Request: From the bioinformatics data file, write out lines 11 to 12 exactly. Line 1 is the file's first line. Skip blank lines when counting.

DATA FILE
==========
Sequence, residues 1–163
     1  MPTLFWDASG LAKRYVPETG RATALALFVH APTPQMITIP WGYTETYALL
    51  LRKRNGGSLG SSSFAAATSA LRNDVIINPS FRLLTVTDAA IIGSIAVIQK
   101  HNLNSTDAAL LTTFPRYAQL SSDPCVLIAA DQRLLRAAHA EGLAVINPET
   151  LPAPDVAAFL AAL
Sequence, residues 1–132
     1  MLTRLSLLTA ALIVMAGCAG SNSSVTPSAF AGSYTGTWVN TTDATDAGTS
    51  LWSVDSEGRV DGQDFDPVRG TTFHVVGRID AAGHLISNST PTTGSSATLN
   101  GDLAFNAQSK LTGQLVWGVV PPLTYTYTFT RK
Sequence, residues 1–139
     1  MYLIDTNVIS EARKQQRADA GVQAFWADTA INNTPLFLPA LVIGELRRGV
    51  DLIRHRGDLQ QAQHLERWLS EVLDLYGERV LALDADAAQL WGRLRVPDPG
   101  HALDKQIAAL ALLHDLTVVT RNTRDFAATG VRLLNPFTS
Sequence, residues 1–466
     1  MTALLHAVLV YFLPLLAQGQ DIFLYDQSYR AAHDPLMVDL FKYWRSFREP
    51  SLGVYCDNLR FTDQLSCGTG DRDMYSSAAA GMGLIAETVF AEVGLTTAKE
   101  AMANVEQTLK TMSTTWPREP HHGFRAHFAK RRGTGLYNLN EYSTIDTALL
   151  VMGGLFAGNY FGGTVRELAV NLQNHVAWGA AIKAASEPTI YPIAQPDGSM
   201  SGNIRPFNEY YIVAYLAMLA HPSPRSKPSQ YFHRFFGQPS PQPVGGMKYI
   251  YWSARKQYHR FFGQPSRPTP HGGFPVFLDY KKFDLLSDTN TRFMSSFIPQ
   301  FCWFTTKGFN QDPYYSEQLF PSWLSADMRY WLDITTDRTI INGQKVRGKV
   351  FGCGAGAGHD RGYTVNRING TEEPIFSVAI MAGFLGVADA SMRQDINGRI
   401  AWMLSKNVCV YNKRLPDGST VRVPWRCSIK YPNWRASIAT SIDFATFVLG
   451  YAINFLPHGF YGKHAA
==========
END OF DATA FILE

     1  MYLIDTNVIS EARKQQRADA GVQAFWADTA INNTPLFLPA LVIGELRRGV
    51  DLIRHRGDLQ QAQHLERWLS EVLDLYGERV LALDADAAQL WGRLRVPDPG